Six years after discovering contaminated wells at the West Side Corporation factory site in Jamaica, the state Department of Environmental Conservation has decided on a plan to clean the site, but the next hurdle will be funding it, a DEC spokeswoman said.
The plan for the site at 107-10 180th St. in Jamaica includes the installation of a high-capacity well and treatment system to filter water before pumping it back to the ground and a long-term monitoring program, said Jennifer Meicht of the DEC.
The site was investigated by the DEC in 1999, three years after the agency discovered that traces of dry-cleaning chemicals stored at the warehouse had seeped into the ground and into adjacent wells. West Side was a storage spot for dry-cleaning chemicals.
The plan would cost $4.4 million, which would be split between the city and the state, Meicht said.
The remedy calls for the installation of a high-capacity groundwater extraction well and treatment system on the site, Meicht said. The well would pump and treat 1 million gallons of water a day by pulling it from the ground, cleaning it of contaminants, like perchloroethylene or PERC and Methyl tert-butyl ether or MTBE, and redepositing the water into the ground, she said.
To clean the entire site would take between two years and a decade, she said, but this plan would also prevent the contaminants from spreading to other areas.
Were containing and treating the problem, Meicht said. This clean-up remedy will help prevent migration of contaminants from West Side site.
The site was owned by West Side until 1992, and is now the property of the city Department of Environmental Protection.
Manuel Caughman, president of the Brinkerhoff Action Association, is glad the DEC has developed a plan, and agrees with the plans.
I think its the best approach they could take without disrupting the community even further, Caughman said.
There is no plan to reintroduce this water to the citys water supply yet, but Meicht said if it does become a possibility, the water would be tested by the Department of Health before being included for human consumption.
Public water is tested regularly and has to meet strict regulations, she said. No water would be used for drinking water unless it passed all the tests.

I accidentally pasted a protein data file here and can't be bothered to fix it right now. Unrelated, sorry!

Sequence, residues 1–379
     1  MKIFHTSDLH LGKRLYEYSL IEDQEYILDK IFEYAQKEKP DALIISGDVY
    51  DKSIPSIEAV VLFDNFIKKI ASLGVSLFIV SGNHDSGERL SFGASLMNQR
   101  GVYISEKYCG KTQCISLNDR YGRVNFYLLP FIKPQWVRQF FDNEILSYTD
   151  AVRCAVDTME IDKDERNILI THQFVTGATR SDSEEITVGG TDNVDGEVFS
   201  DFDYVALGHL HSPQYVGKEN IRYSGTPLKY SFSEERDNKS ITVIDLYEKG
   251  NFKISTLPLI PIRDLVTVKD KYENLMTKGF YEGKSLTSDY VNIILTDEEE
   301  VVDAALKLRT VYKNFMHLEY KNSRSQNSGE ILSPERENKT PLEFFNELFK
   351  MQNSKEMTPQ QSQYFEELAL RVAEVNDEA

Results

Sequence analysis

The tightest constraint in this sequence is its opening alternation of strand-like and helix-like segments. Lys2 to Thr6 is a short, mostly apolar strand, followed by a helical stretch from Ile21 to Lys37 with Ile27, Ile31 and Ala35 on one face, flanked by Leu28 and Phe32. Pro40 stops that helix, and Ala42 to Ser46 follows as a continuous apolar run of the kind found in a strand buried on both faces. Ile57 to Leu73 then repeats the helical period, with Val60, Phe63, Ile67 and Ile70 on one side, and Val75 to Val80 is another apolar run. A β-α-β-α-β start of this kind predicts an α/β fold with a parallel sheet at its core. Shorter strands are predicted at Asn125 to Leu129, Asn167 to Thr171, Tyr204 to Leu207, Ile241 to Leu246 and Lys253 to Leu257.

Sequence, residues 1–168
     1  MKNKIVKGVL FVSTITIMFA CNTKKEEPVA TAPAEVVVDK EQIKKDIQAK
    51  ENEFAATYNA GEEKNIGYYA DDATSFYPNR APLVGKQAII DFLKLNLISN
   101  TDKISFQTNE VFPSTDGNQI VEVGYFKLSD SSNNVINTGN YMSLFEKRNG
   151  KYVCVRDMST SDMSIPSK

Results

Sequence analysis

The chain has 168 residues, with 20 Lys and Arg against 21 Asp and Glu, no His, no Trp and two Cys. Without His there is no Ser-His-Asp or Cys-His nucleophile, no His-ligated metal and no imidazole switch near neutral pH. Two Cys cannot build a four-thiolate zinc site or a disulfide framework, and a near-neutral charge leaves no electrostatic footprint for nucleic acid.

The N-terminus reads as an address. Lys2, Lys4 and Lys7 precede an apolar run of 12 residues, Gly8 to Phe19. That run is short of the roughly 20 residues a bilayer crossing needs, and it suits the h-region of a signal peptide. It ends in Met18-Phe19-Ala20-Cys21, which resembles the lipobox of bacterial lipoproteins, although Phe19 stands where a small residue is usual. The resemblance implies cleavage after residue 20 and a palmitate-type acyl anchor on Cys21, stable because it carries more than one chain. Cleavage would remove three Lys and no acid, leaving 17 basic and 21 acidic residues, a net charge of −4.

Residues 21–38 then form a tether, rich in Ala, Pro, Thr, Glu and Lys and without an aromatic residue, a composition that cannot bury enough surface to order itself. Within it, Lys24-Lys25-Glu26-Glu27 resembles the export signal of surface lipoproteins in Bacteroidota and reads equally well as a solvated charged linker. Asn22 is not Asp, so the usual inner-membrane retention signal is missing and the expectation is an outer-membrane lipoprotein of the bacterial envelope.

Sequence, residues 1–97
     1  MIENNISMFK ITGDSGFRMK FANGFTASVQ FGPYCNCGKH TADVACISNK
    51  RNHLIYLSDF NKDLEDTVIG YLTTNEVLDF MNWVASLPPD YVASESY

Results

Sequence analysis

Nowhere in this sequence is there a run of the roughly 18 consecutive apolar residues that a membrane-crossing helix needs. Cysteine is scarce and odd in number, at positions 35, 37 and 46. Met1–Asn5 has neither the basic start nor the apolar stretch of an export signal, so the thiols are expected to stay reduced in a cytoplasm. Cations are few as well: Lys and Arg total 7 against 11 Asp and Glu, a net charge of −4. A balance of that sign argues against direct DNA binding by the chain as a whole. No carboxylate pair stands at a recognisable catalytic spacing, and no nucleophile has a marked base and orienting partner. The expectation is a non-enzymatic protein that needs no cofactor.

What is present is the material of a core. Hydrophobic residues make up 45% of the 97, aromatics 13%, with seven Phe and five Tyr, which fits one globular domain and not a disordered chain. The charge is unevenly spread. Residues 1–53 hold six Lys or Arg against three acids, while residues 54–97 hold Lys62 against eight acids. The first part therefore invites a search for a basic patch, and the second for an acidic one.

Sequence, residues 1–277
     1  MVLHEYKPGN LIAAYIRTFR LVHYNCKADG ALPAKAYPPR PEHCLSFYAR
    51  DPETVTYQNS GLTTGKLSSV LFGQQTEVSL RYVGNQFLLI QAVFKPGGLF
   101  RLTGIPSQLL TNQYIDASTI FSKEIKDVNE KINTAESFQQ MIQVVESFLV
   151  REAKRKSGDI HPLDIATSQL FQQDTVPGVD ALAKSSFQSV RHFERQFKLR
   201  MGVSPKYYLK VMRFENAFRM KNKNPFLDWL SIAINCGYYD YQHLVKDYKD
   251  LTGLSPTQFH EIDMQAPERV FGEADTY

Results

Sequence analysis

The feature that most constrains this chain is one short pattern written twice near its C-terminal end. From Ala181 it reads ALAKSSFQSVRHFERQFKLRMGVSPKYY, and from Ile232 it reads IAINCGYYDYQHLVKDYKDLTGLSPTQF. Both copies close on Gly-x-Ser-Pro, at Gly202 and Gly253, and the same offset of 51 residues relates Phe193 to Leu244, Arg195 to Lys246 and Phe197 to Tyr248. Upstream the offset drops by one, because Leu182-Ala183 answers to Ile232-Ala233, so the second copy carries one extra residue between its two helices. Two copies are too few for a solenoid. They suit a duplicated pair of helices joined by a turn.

Before the cleanup can begin, however, funds must be allocated for the project at the state and city levels, Meicht said.
The state money is supposed to come from the Superfund program, a provision of the state budget that is expected to be bankrupt as of Sunday, Meicht said. Before the clean-up project can begin, the fund will need to be refinanced to get the money flowing, she said.
We dont have the funds to move forward with the remedy of this site, Meicht said.
The $4.4 million pricetag also includes $1.3 million for the construction of the new equipment, Meicht said. The state DEC is still negotiating with the city Department of Environmental Preservation, which owns the property, on how the bill will be divided, she said.
Should the funding be released, the design phase of the project could begin in the fall, with construction starting early next summer, Meicht said.
The only thing theyre waiting on is money from the governor from the Superfund, said Manuel Caughman, president of the Brinkerhoff Action Association. Hes just dragging his feet on this.
Caughman, whose group has been actively pursuing the cleanup of the site, said the community has been waiting for a remedial solution since the contamination was discovered in 1996.
Its paramount that this site gets cleaned, he said. I just want them to expedite it as soon as possible.
Reach reporter Courtney Dentch by e-mail at TimesLedger@aol.com, or by phone at 229-0300, Ext. 138.
©2002 Community News Group
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